Posted by: DaddyMac

Re: France - 08/25/04 07:20 PM

Well, you'll need those smarts to find yourself a new liver in a few years...<br><br>[color:white]God speed, mikeb. Go drive your Boxster in the big Autobahn in the sky...</font color=white>
Posted by: drjohn

Re: France - 08/25/04 07:24 PM

I think the phenolic compounds found in red wine, the compounds responsible for it's medicinal effects, are also found, mercifully, in chocolate. For what it's worth, I know more smart chocoholics than smart winos.<br><br>
Posted by: polymerase

Re: France - 08/25/04 07:30 PM

That is so old news.<br><br>Liver specialists meeting in Dallas heard surprising results from an animal study recently, showing that light alcohol consumption seemed to speed the recovery of damaged livers in rats.<br><br>I was giving platelets for cancer patients and they did a full work up. They made a new medical term after they checked out my liver. It was "kick ass".<br><br>paper cuts hurt
Posted by: DaddyMac

Re: France - 08/25/04 07:41 PM

I wouldn't consider splitting a bottle of wine EVERY night as "light'" alcohol consumption, would you?<br><br>Or are you comparing yourself to a rat...? <br><br>[color:white]God speed, mikeb. Go drive your Boxster in the big Autobahn in the sky...</font color=white>
Posted by: Michael

Re: France - 08/25/04 08:12 PM

While my computer is out on repair I check in from time to time on someone else's computer and I don'thave the time right now to read all that has been posted in this thread, but in response the question I would say it is that there is no longer 2 major powers in the world. One (USA) dominating the western hemisphere and the other the Soviet Union dominating the eastern. There will now be "spheres" of control or domination spread around the world with the US still being the big dog. France has delusions of grandure for their sphere of influence and ultimately wants to have the power and wealth that the US has. Until they acheive their goal (which they will not) they will always be in opposition to the US. To put it in quick and simple terms.<br><br>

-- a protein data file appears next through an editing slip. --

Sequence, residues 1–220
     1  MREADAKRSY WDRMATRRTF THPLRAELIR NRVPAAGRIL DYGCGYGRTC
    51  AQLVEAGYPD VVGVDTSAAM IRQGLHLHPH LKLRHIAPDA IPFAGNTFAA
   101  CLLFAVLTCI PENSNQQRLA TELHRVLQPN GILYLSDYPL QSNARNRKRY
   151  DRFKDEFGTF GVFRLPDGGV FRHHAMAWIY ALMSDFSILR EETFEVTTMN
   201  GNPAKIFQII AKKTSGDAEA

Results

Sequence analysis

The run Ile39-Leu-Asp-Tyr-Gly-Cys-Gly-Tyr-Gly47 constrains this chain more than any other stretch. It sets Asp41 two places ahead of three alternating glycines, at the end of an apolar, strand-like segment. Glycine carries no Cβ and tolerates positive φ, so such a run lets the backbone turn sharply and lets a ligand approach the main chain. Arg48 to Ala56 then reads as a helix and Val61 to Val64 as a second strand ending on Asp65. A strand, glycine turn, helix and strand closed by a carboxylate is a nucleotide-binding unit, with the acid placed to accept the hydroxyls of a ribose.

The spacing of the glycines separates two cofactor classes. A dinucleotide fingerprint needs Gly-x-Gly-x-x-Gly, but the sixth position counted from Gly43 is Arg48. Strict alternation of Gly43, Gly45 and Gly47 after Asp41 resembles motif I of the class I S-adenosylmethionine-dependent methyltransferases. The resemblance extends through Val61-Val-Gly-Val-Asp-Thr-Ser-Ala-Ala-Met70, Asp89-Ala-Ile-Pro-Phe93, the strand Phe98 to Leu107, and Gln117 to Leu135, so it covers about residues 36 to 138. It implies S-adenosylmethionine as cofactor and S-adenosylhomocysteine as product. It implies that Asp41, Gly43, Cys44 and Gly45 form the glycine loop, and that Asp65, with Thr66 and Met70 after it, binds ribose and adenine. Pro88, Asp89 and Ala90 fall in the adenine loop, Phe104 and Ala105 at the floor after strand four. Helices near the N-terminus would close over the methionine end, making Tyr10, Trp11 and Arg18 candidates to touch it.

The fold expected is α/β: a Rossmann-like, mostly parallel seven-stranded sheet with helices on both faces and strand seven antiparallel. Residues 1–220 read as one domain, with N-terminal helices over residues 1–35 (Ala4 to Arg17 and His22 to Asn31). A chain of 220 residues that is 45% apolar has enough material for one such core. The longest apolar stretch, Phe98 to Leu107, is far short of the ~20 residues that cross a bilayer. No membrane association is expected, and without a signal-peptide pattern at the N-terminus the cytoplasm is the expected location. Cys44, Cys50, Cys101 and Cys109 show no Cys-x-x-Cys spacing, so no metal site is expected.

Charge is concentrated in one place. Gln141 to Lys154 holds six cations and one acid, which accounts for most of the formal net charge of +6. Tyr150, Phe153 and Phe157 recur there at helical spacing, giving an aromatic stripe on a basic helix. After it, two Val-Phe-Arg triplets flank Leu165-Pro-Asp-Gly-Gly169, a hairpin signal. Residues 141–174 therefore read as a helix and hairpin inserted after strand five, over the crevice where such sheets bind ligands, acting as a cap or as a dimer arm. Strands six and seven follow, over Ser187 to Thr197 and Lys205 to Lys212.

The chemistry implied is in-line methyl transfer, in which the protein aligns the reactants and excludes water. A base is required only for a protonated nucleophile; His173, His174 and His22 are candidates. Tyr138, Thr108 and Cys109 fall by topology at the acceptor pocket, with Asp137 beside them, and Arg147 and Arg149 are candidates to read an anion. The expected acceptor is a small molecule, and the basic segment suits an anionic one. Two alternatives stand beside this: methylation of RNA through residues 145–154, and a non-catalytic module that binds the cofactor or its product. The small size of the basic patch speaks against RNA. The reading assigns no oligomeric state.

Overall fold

Posted by: yoyo52

Re: France - 08/25/04 08:35 PM

Suppose that is the case (let's leave aside the EU as a power in its own right, into which France, Germany, Britain, Italy, etc. etc. are subsumed). So what? Are we so insecure that we need to have everyone followign party line? I thought that's why we used to criticize the USSR.<br><br>
Posted by: MaxMacDonald

Re: France - 08/26/04 05:57 AM

<blockquote><font size=1>In reply to:</font><hr><p>There will now be "spheres" of control or domination spread around the world with the US still being the big dog. France has delusions of grandure for their sphere of influence and ultimately wants to have the power and wealth that the US has. Until they acheive their goal (which they will not) they will always be in opposition to the US. To put it in quick and simple terms.<br><p><hr></blockquote><p>I see it more a case of France pining for the good old days, when She had real visions of Empire. Britain is similar in that respect, and that was truly a massive empire indeed. Still, there is a certain amount of jealousy evinced by those nations which once held the intoxicating reins of power. Nowadays, I suppose all that's left to them is the consoling truism that every dog has its day in the sun. They know the US will one day wake up and realize that it has already had its turn (hey, most nations don't even get that far! ).<br><br>But as Yo-yo indicated, France as part of the EU is another thing altogether. That is definitely a bloc with serious purchasing power and political influence. Between them and a rapidly-emerging China, I'd say the game is warming up.<br><br>max<br>[color:red]EGG</font color=red><br>Moments & more
Posted by: Michael

Re: France - 08/26/04 08:10 PM

Which is what I was saying when I said there is no longer a dominating influence in each hemisphere, but spheres of influence around the globe.<br><br>
Posted by: Anonymous

Re: France - 08/26/04 08:58 PM